Surely, different inner fields of neuroscience focus on very narrow aspects and single individuals don’t even try to comprehend the whole picture. That said, it will be interesting to see in the future, are we capable of coping with the full mass of information. In the field of physics, a “collapse” or compression of information holding equations to simplified forms can be seen every now and then. I wonder if the same thing is possible with “descriptive” information? Or will the task of information holding and thus the formation of any meaningful new theories be outsourced to some future AI? Also, today’s brain models seem to be far from complete. The more accurate image we want to create requires taking into account more and more details, eventually going to the level of the whole body. It will be interesting to see is it possible to construct a feasible “mind-brain-structure”, without all the feedback loops of other bodily systems.

week 8

Motor System and Movement Control

I’ve always been fascinated with Stephen Hawking. Not because everyone else was (especially in the nerdy school lunch talks), but because I had a personal connection. My dad had always encouraged me on my fascination for the stars and the movement of planets. I had read the books ‘A Brief History of Time’ and ‘The Universe in a Nutshell’ in my early teens and spun my childhood imagination to the galaxies and science-fiction. But most importantly I had a godfather, Jorma Louko, who studied under Stephen Hawking at the University of Cambridge and went on to the University of Nottingham to do research in the interplay of gravity and the quantum. Even with these great role models I somehow never managed myself into pure mathematics. Just didn’t have the aptitude for it, instead choosing to roam around in the warm fuzzy arts and engineering field.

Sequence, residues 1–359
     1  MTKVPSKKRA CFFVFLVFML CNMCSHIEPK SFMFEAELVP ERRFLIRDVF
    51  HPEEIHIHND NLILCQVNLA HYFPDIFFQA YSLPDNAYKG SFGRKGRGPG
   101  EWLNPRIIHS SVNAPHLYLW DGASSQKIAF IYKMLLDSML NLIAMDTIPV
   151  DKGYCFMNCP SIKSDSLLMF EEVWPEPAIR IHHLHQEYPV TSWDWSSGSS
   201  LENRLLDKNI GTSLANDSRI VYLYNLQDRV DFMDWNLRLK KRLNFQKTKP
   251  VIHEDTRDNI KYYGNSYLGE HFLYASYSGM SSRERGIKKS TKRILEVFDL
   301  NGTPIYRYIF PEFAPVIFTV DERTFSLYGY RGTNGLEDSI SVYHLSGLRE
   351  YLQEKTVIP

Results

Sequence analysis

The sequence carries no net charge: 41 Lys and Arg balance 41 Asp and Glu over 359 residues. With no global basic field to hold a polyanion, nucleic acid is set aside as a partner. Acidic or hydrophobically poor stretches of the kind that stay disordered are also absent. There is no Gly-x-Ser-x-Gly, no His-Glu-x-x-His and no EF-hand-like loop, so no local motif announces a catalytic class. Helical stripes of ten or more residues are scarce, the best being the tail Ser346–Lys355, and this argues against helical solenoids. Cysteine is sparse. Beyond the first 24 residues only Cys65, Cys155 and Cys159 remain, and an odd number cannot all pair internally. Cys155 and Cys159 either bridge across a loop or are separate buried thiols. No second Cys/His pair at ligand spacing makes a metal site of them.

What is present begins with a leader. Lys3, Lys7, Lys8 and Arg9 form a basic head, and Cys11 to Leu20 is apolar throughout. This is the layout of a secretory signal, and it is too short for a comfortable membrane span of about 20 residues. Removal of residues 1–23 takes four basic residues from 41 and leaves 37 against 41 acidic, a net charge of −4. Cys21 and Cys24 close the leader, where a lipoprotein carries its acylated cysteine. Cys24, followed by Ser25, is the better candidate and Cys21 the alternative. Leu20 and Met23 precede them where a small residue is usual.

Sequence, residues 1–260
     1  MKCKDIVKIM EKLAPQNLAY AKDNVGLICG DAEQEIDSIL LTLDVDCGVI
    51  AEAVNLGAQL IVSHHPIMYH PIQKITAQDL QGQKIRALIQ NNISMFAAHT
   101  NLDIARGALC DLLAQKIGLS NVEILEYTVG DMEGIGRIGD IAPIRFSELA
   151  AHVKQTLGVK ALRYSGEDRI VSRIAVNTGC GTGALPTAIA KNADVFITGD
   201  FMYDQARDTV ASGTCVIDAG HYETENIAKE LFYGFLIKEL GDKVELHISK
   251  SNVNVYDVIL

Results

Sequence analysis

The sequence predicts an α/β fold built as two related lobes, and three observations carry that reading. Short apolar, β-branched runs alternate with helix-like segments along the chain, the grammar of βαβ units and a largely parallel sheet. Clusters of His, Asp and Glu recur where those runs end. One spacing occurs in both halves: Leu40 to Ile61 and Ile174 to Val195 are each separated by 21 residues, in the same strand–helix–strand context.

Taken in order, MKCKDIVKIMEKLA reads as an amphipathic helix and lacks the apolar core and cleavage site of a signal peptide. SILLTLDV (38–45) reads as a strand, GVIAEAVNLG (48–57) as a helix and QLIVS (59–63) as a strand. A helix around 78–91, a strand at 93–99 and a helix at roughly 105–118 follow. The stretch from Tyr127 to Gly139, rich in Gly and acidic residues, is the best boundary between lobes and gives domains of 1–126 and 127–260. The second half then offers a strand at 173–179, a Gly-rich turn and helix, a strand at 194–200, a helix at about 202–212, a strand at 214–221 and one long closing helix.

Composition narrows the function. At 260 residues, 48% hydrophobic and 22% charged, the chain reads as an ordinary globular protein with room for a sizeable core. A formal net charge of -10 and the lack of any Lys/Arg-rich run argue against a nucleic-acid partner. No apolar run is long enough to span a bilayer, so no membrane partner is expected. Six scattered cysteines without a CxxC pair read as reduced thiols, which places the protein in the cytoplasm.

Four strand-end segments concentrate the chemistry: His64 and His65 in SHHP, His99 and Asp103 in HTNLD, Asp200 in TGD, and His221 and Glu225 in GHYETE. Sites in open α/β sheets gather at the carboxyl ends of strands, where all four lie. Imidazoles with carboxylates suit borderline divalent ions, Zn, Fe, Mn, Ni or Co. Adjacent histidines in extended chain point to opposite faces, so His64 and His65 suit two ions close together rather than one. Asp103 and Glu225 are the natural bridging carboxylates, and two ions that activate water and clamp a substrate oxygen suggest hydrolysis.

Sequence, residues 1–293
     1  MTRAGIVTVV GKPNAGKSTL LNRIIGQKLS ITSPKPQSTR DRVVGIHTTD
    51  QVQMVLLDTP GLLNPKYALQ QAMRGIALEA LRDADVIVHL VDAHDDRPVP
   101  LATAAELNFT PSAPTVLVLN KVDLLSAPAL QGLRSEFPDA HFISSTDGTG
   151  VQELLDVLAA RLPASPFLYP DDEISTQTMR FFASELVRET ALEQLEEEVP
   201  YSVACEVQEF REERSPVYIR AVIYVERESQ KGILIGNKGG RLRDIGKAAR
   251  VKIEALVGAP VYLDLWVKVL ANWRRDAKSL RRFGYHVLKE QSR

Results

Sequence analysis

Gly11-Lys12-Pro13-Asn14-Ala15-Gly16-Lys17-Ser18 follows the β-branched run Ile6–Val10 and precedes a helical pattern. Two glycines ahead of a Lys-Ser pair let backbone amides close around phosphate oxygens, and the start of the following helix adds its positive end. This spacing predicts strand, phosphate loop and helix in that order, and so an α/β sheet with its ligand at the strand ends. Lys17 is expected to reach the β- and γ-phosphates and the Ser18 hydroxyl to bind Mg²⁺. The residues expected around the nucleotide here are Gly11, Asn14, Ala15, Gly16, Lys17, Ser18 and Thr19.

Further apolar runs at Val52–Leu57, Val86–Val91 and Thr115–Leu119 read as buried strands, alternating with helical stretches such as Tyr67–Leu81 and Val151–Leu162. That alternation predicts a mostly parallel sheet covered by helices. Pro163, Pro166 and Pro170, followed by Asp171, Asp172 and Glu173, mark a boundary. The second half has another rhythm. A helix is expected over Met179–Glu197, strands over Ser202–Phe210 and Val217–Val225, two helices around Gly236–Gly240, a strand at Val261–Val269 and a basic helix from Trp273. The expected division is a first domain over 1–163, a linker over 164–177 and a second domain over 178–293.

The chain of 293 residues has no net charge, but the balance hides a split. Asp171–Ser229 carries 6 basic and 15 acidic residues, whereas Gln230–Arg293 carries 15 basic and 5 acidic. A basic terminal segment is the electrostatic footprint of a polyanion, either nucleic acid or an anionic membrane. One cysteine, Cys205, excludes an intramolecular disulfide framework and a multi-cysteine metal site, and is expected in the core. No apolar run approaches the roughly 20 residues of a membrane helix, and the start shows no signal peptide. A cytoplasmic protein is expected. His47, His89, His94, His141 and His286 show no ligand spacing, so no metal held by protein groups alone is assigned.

Now you might be asking what has this got to do with week 8 and the human motor system, and movement control. Well yes, the first paragraph almost nothing, except with Stephen Hawking everything… he had a rare early-onset slow-progressing form of motor neurone disease (also known as amyotrophic lateral sclerosis, “ALS“, or Lou Gehrig’s disease), that gradually paralysed him over the decades. This disease was also referenced in our chapter readings Box 13.1 “ALS: Glutamate, Genes, and Gehrig” depicting it as a “particularly cruel disease that was first described in 1869 by the French neurologist Jean-Martin Charcot” that show as muscle weakness and atrophy and progresses to movement loose and eventually to death by failure of the respiratory muscles. The disease has no effect on sensations, intellect, or cognitive function making the victim watch their own bodies deteriorate with no way of affecting it. ALS degeneration affects large alpha motor neurons leaving other neurons in the CNS intact. The causes of the disease are unknown, but it is believed to have something to do with excitotoxicity (“overstimulation by the excitatory neurotransmitter glutamate and closely related amino acids can cause the death of otherwise normal neurons” – Chapter 6). Interestingly only 10% of ALS cases are inherited the rest seem to be caused by environmental causes, such as, cycad nuts, which contain an excitotoxic amino acid. Looking at inherited ALS recent research has identified mutations of about 16 genes. And there is still so much to be understood and treatments are still in the distant future, with “neuronal stem cells to replace lost neurons and glia, and genetics-based strategies to suppress the effects of mutations”.